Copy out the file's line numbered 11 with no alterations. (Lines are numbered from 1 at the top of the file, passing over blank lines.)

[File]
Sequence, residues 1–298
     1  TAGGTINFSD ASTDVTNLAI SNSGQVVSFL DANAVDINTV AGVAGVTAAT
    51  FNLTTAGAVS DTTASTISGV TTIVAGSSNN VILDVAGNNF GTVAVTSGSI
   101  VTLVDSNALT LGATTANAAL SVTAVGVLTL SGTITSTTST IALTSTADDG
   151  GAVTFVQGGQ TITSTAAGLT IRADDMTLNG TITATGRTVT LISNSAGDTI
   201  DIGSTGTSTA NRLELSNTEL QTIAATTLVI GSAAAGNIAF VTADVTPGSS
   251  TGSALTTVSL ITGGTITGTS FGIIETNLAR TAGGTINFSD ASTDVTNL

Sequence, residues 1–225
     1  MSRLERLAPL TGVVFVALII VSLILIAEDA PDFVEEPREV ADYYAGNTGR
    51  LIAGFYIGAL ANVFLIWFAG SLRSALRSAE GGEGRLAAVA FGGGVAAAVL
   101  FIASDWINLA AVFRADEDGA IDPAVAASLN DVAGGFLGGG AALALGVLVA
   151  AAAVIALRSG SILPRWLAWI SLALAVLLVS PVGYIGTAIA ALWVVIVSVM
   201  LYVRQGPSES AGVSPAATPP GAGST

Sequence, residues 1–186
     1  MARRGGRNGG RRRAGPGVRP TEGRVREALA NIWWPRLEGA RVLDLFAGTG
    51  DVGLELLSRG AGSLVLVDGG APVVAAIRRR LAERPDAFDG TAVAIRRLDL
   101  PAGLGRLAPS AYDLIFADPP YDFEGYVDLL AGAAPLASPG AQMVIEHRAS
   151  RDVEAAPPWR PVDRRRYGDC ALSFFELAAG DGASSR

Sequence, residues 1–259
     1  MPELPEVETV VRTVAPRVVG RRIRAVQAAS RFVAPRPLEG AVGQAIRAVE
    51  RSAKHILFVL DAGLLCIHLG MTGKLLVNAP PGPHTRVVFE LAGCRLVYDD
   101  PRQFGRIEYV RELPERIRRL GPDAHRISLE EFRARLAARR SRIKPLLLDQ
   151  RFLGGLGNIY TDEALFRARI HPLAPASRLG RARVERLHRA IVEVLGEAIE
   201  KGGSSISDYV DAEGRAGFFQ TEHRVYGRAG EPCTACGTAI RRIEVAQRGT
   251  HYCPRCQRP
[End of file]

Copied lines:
   101  FIASDWINLA AVFRADEDGA IDPAVAASLN DVAGGFLGGG AALALGVLVA